Consider now the diagram shown in FIG. 8, this diagram shows a "passover" of read and write commands. The upper waveform of each pair is the output of gate 101 and the lower waveform is the output of gate 104. The write command received via gate 101 indicated by the narrow pulse remains fixed and the read command via gate 104 is moving showly back through it.
The first pair 8a and 8b show a conventional situation where there is no interaction and ample time for the normal locking out of AND Gates 111 and 120 to protect the store against the disallowed condition. The same is true of the next pair 8c and 8d. The third pair, however, 8e and 8f show the read pulse 8f being foreshortened slightly and this is due to the action of the wire joining 101 to the input of 104. However, there is still ample separation between the two positive edges which are those that set 102 and 109. Now on the fourth pair 8g and 8h it will be seen that in fact the read pulse has been distorted now into two pulses, the second of the two is too close to the positive edge of the write command and a crash condition would occur. However, `D` type 109 would have been set by the first positive edge coming out of gate 104 and this, due to the length of the pulse out of gate 101, is amply separated from the write command edge. Same is true of the fifth pair 8i and 8j. The sixth pair 8k and 8l shows the final condition where again read is completely separated from write.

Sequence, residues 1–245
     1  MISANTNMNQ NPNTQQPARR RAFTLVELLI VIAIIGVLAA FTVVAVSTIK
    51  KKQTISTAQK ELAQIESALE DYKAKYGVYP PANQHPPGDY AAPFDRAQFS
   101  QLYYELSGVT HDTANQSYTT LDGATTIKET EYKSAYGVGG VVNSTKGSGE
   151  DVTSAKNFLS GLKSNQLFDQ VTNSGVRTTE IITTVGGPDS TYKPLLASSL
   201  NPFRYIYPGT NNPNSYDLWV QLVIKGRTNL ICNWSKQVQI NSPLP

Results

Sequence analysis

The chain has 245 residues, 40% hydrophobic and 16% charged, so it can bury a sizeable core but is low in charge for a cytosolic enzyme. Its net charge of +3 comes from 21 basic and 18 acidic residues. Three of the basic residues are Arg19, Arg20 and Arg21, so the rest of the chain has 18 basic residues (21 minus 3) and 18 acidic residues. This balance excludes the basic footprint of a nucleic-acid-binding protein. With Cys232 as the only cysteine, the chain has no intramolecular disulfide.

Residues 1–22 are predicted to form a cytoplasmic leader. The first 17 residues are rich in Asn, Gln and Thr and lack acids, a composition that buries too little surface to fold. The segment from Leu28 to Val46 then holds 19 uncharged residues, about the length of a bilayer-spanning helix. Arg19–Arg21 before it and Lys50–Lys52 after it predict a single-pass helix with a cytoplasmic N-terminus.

Having therefore demonstrated that flip flops 112 and 121 are now protected from being set at the same time irrespective of the time of arrival of read and write commands the action of the timer 38 of FIG. 5 controlling the sequencing of the store can be discussed.